As the City of Las Vegas continues considering awarding Republic Services a new 15-year NO BID monopoly franchise contract extension for residential and commercial trash collection, I came across this rather interesting declaration…
“The free, open and competitive production and sale of commodities and services is necessary to the economic well-being of the citizens of the State of Nevada. The acts of persons which result in the restraint of trade and commerce act to destroy free and open competition in our market system and, thereby, result in increased costs and the deterioration in quality of commodities and services to the citizens of the State of Nevada (and) result in economic hardships in the form of increased consumer prices and increased taxes upon many citizens of the State of Nevada least able to bear such increased costs.”
Must have come from some right-wing radical libertarian think tank like the Cato Institute or the Nevada Policy Research Institute, right?
It’s actually word-for-word from section 598A.030 of the Nevada Revised Statutes defining and outlawing “Unfair Trade Practices” in order to “Preserve and protect the free, open and competitive nature of our market system.”
This prohibition was added to state law in 1975, just two years after NRS 268.081 was adopted allowing cities in Nevada to engage in such unfair trade practices in certain circumstances…
“The governing body of an incorporated city may, to provide adequate, economical and efficient services to the inhabitants of the city and to promote the general welfare of those inhabitants, displace or limit competition in any of the following areas: (3.) Collection and disposal of garbage and other waste.”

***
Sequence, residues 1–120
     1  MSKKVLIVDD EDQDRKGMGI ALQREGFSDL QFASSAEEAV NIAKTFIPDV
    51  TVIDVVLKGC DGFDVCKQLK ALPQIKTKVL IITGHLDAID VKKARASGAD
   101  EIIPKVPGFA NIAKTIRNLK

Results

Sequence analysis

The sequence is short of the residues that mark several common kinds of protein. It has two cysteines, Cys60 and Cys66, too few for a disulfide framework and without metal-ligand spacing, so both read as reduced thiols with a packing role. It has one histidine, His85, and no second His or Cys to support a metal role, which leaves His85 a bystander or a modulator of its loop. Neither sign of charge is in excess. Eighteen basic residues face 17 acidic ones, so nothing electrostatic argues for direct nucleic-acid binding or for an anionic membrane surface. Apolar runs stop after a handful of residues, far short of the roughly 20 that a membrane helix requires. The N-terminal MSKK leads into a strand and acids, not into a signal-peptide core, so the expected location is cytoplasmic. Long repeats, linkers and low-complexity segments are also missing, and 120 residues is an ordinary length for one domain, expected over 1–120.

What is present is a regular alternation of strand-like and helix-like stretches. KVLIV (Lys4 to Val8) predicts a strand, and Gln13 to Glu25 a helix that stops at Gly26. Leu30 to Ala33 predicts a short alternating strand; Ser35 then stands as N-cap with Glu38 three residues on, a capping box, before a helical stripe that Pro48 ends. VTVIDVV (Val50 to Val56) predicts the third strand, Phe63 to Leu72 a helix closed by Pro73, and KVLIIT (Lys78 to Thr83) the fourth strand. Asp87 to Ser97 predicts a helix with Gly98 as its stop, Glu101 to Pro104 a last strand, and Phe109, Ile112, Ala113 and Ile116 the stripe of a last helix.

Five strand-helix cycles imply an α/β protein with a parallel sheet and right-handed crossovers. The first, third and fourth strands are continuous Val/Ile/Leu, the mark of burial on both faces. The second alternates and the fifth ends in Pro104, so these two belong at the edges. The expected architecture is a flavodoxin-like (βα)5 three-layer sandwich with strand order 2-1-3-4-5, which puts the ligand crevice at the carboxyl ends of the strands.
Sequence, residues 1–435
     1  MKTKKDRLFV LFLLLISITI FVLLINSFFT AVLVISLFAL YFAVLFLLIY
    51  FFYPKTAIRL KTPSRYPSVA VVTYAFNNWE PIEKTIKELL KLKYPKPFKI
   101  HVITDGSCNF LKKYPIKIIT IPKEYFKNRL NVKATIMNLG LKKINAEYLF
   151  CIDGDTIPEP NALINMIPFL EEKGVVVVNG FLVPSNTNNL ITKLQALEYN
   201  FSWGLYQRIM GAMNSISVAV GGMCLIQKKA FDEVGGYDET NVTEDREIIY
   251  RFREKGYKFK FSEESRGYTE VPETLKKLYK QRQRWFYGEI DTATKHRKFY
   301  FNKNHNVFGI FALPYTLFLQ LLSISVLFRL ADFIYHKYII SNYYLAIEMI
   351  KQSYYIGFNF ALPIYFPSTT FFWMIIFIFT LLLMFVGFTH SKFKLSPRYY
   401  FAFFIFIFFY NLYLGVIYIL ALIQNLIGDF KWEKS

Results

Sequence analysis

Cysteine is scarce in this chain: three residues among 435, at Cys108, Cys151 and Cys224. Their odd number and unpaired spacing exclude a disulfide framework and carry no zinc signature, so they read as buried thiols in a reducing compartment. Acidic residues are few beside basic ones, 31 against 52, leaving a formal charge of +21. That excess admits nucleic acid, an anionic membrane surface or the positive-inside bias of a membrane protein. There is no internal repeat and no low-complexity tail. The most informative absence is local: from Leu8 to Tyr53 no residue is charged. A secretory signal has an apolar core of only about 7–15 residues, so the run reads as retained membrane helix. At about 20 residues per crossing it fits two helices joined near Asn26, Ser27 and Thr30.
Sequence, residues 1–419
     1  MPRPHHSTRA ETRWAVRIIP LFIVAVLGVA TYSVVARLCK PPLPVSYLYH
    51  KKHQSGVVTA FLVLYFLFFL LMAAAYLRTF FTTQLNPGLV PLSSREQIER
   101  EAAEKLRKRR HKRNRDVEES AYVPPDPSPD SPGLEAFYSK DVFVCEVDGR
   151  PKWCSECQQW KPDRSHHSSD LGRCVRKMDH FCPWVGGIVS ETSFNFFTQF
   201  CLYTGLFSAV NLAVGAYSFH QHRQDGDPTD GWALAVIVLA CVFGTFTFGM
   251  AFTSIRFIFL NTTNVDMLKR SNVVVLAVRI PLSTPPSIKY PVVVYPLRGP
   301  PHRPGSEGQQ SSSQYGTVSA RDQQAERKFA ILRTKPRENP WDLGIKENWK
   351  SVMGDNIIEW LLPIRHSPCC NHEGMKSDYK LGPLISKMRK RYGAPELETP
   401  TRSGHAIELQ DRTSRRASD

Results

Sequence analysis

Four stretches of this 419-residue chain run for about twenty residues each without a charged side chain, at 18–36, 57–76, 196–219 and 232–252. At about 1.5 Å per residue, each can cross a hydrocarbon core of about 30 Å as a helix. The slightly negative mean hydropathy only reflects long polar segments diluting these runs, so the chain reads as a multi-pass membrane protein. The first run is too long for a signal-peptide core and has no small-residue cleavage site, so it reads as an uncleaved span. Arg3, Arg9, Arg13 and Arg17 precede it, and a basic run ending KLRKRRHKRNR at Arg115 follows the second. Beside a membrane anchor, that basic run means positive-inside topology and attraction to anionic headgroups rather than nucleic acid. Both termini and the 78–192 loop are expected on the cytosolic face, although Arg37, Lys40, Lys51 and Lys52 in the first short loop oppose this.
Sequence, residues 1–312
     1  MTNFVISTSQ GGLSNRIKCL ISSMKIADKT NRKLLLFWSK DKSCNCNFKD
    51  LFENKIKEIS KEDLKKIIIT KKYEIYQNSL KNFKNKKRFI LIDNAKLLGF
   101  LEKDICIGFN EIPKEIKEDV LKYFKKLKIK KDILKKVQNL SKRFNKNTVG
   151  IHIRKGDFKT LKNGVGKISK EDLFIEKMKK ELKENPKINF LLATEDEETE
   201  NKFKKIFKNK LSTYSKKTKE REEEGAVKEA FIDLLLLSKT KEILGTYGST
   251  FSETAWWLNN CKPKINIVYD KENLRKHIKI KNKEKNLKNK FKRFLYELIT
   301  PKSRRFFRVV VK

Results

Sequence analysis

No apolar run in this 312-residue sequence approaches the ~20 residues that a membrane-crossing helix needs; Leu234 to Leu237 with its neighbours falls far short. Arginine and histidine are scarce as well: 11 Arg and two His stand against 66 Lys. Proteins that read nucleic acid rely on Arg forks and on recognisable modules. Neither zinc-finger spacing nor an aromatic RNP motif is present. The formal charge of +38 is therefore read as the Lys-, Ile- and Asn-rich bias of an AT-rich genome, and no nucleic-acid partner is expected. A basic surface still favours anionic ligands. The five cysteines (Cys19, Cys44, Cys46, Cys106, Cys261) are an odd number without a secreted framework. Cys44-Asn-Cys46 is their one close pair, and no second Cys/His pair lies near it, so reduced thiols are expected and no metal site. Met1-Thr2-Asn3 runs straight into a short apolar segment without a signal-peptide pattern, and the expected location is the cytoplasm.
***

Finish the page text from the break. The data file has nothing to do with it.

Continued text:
NRS 268.083 goes on to stipulate that…
“The governing body of an incorporated city may: (1) Provide those services set forth in NRS 268.081 on an exclusive basis or, by ordinance, adopt a regulatory scheme for providing those services or controlling development on an exclusive basis within the boundaries of the city; or (2.) Grant an exclusive franchise to any person to provide those services within the boundaries of the city.
So, yes, unless the Nevada Legislature repeals this section of the law the City of Las Vegas enjoys the right to engage in the unfair trade practice of awarding an exclusive franchise to a sole source “for the collection and disposal of garbage and other waste.”
1.) The law says the City of Las Vegas “MAY” award such an exclusive contract. It doesn’t say it “SHALL” do so.
2.) While the law grants the city the power to engage in such an unfair trade practice, it does NOT say it should grant such a sole-source contract without allowing competitive bids.
3.) These two statutes were enacted into law over 40 YEARS AGO – back when AT&T still had monopoly control of our entire national telephone system.
Things have certainly changed dramatically since then. Back in those days, trash collection and disposal was a very, very different animal with very, very different challenges and limitations. And this was well before the “green” movement and recycling took root.
Maybe it made sense to restrict garbage collection back in the old days. But it’s 2017.
Heck, even Ma Bell’s monopoly was broken up in 1982. That was 35 years ago! And look where we are today: Competition for phone service has dramatically reduced the cost while dramatically increasing consumer options.
In fact, some of you may actually be reading this column on a… PHONE!
The idea that trash collection in Las Vegas today should continue to be a closed market – not to mention a closed market that only one politically-connected company is allowed to be considered for – is as ancient as King Tut’s tomb.
At the very least, the city council should reject such an archaic restraint-of-trade practice and issue an RFP (request for proposals) so other service providers at least have an opportunity to make their case.
Competition is good. Competitive bidding is good government.
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Chuck Muth is president of Citizen Outreach, a conservative grassroots advocacy organization